Lazar Berman, a bear of a man whom The Times of London called ‘one of the last unabashed exponents of the Romantic tradition of Russian pianism’, was known for the power of his playing and for his prodigious technique, but was also capable of great delicacy at the keyboard. The core of his repertoire was the great Romantic and post-Romantic works, from Beethoven to Prokofiev and Shostakovich. Emil Gilels referred to him as a ‘phenomenon of the musical world’. Eloquence presents his complete Deutsche Grammophon recordings over five titles.
For Lazar Berman, a true pianist of the ‘old school’, the music of Prokofiev and Shostakovich were as far as he ventured into the twentieth century, but Prokofiev’s Eighth Sonata was, with Rachmaninov’s Moments musicaux, his first solo recording for Deutsche Grammophon in 1975. Prokofiev’s suite for Romeo and Juliet is comprised of ten pieces in all. On his recording Berman omitted the first of these (Folk Dance). From tenderness to thunder, Berman impresses with the sheer weight of his conception as well as his insight into this music. The Shostakovich Prelude provided the coupling for his recording of Mussorgsky’s Pictures at an Exhibition.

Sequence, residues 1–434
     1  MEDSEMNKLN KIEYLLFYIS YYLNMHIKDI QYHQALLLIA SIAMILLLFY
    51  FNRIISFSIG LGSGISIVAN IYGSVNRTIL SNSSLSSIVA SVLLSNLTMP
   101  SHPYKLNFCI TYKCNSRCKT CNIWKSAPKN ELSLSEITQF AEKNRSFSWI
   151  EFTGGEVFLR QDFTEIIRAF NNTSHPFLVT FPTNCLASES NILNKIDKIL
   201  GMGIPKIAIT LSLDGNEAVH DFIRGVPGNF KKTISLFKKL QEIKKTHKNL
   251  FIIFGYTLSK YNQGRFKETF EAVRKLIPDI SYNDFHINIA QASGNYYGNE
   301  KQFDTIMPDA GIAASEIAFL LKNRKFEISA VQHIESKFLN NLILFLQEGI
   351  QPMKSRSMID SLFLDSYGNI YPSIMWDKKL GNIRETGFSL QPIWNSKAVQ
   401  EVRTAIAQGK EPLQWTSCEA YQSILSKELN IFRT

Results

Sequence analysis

“Lazar Berman's Prokofiev has a penetrating focus and crisp articulation, The Russian pianist's Romeo and Juliet pieces are superbly characterised and the playing is beautifully delicate.” BBC Music Magazine
“I warm to this [version] in particular for the way Berman seeks out the freshness of colour and the lyricism … His refusal to gabble the quick movements or to ginger them up with an excess of virtuoso agitation, as so many pianists do, is indeed refreshing. I need hardly add that his performance is nothing if not a virtuoso one all the same.” Gramophone (Prokofiev: Sonata No. 2)